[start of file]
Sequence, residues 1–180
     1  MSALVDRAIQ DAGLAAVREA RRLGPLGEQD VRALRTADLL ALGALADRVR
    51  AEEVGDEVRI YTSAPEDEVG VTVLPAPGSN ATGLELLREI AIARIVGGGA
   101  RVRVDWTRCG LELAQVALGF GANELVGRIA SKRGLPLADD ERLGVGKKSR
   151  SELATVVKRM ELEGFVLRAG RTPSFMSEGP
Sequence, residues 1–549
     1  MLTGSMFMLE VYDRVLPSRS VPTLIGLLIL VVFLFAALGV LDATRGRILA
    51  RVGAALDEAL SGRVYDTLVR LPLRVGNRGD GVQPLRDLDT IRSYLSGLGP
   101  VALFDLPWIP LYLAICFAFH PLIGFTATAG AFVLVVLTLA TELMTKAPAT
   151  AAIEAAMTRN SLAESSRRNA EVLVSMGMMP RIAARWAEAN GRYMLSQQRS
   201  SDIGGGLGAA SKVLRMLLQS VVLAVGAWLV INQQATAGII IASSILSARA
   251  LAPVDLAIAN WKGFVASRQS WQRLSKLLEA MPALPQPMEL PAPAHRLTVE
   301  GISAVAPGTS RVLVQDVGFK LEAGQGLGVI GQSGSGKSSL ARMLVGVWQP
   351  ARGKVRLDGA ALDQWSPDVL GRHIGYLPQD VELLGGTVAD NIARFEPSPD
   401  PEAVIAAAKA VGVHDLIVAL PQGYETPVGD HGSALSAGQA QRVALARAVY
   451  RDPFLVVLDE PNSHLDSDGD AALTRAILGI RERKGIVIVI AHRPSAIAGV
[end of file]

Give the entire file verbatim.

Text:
Sequence, residues 1–180
     1  MSALVDRAIQ DAGLAAVREA RRLGPLGEQD VRALRTADLL ALGALADRVR
    51  AEEVGDEVRI YTSAPEDEVG VTVLPAPGSN ATGLELLREI AIARIVGGGA
   101  RVRVDWTRCG LELAQVALGF GANELVGRIA SKRGLPLADD ERLGVGKKSR
   151  SELATVVKRM ELEGFVLRAG RTPSFMSEGP
Sequence, residues 1–549
     1  MLTGSMFMLE VYDRVLPSRS VPTLIGLLIL VVFLFAALGV LDATRGRILA
    51  RVGAALDEAL SGRVYDTLVR LPLRVGNRGD GVQPLRDLDT IRSYLSGLGP
   101  VALFDLPWIP LYLAICFAFH PLIGFTATAG AFVLVVLTLA TELMTKAPAT
   151  AAIEAAMTRN SLAESSRRNA EVLVSMGMMP RIAARWAEAN GRYMLSQQRS
   201  SDIGGGLGAA SKVLRMLLQS VVLAVGAWLV INQQATAGII IASSILSARA
   251  LAPVDLAIAN WKGFVASRQS WQRLSKLLEA MPALPQPMEL PAPAHRLTVE
   301  GISAVAPGTS RVLVQDVGFK LEAGQGLGVI GQSGSGKSSL ARMLVGVWQP
   351  ARGKVRLDGA ALDQWSPDVL GRHIGYLPQD VELLGGTVAD NIARFEPSPD
   401  PEAVIAAAKA VGVHDLIVAL PQGYETPVGD HGSALSAGQA QRVALARAVY
   451  RDPFLVVLDE PNSHLDSDGD AALTRAILGI RERKGIVIVI AHRPSAIAGV